with neurological disorders, function can change in what ways?
can be a loss OR a GAIN of function
neuro signs can be due to what three different things?
(1) Signs due to destruction of functional tissue (2) Signs due to release or loss of inhibition (3) Signs due to excitation or increased stimulation
Manifestation of signs depends on the__
physiologic importance of that location
tremors is an example of a _________ of function
what 5 areas should you consider when doing Neuroanatomic Localization?
spinal cord, brainstem/cranial nerves/vision, Cerebellum and vestibular system, forebrain, and neuromuscular
where are lower motor neurons (LMNs) located?
Housed in the ventral grey matter of the spinal cord at intumescences (thickened areas)
Where do LMNs go/do?
Axons leave spinal cord and become spinal nerves for the limbs
where are upper motor nurons (UMNs) located?
Housed in the cerebrum and brainstem
where do UMNs go/do?
Axons descend in the ventral and lateral white matter, and they give direction to the LMNs (inhibit or facilitate)
What are Intumescences?
These are the thickened areas of the spinal cord, which are bigger because they house the LMNs for the thoracic and pelvic limbs
what is in-between the intumescences?
the white matter tracks, which house the Descending motor information (from UMNs), and the Ascending sensory information
list the 4 functional segments of the spinal cord in order from front to back
C1-5, C6-T2, T3-L3, L4-S3
what are the two segments related to LMNs?
C6-T2, L4-S3 (second and last)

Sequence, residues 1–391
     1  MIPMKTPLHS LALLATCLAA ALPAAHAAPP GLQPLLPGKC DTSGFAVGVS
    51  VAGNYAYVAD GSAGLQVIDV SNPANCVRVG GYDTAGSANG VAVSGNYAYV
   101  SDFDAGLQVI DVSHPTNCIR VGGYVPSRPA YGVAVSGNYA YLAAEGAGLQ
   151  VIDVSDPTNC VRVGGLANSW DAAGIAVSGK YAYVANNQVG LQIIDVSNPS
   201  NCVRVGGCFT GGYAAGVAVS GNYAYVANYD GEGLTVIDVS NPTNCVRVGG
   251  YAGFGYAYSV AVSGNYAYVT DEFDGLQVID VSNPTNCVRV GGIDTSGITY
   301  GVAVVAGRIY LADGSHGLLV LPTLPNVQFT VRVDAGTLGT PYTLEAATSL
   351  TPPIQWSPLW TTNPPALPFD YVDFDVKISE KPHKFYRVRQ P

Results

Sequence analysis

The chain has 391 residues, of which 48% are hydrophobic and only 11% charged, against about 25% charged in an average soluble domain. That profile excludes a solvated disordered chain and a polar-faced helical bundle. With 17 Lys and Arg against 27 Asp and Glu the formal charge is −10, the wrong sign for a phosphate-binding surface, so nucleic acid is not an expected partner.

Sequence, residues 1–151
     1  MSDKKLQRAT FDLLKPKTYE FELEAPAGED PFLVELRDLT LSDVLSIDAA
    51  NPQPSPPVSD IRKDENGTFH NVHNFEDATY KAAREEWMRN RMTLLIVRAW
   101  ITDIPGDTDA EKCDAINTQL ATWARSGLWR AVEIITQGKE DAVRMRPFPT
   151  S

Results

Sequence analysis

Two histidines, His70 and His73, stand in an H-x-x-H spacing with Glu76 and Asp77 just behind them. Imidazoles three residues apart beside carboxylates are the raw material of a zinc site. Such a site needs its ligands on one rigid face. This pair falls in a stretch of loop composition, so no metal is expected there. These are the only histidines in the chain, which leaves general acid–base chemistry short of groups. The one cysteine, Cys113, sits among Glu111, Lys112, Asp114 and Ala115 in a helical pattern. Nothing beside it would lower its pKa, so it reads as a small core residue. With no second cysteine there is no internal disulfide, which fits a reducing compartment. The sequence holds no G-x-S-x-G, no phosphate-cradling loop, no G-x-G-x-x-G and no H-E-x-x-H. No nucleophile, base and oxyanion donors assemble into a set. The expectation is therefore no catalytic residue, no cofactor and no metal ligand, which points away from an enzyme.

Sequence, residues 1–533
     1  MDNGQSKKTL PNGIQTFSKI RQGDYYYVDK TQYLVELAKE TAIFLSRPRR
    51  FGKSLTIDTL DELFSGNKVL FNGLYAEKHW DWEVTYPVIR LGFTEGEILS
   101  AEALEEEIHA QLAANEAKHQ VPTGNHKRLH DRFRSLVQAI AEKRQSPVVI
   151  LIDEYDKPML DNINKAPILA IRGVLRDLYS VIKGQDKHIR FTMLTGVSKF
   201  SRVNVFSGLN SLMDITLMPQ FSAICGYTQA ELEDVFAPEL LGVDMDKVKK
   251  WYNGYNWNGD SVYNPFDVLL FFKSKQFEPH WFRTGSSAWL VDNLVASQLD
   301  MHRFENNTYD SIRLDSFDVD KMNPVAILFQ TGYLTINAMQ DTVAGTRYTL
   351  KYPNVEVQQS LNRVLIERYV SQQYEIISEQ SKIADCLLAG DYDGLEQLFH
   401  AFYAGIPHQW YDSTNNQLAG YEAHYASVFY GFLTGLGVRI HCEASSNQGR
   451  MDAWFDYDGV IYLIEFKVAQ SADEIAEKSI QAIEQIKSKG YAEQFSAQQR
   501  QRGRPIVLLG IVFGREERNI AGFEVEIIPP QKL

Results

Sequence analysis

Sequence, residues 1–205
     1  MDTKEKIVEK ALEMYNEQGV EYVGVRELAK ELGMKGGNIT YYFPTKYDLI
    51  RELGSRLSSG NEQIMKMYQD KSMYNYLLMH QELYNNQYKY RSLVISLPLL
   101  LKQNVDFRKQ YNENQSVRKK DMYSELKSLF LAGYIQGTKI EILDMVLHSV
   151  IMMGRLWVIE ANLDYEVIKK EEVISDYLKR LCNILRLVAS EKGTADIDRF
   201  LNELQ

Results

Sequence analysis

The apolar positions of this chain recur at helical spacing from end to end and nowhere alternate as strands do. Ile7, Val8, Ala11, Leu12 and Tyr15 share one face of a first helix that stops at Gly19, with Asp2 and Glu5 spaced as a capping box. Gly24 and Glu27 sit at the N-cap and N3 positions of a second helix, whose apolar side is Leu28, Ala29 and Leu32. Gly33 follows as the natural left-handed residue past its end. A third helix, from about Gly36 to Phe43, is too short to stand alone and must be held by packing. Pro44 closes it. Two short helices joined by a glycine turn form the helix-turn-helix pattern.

what are the two segments related to UMNs?
C1-5, T3-L3 (first and third)
what should you know about the spinal cord segment numbers?
they don't necessarily correlate with the vertebral segment they are under
what do LMNs do?
theyre the Cells that tell the limbs when/how to move
what are the three main functions of the spinal cord?
Houses LMNs(that tell the limbs how/when to move), Delivers descending UMN information, Integrates incoming sensations and sends this sensory information up to the brain (Temperature, mechanical, light touch, pain, proprioception)
what are some signs that there is spinal cord dysfunction?
Ataxia, Proprioceptive deficits, Decreased or absent motor function, Urinary/fecal incontinence, Decreased or absent nociception. The Reflexes and muscle tone vary based on lesion location
how can you determine where the lesion on the SC is, using LMN and UMN signs, and sensory ability?
you will see LMN deficits AT the level of the lesion, and you will see UMN signs CAUDAL to the lesion. you will also see Sensory deficits at the level of and caudal to the lesion
**what are the 3 big UMN signs? (for UMN paresis or paralysis)
(1) Normal or exaggerated spinal reflexes (2) Increased muscle tone (rigidity, spasticity) (3) Mild muscle atrophy due to disuse
**what are the 3 big LMN signs? (for LMN paresis or paralysis)
(1) Weak or absent spinal cord reflexes (2) Decreased muscle tone (flaccid) (3) Marked early muscle atrophy
how would you describe the gait of limbs affected by UMN signs?
a long, loping gait
how would you describe the gait of limbs affected by LMN signs?
short, shuffling gait
how would a dog with a lesion at T3-L3 present?
long loping gait in hind limbs, front limbs normal
L the L: long loping gait in hind limbs, front limbs normal
lesion at T3-L3
how would a dog with a lesion at C6-T2 present?
the front limbs would show LMN gait (short and shuffling) and the back legs would have UMN gait (long and loping)
L the L: forelimbs have a short shuffling gait and hindlimbs have a long and loping gait
how would a dog with a lesion at C1-C5 look like?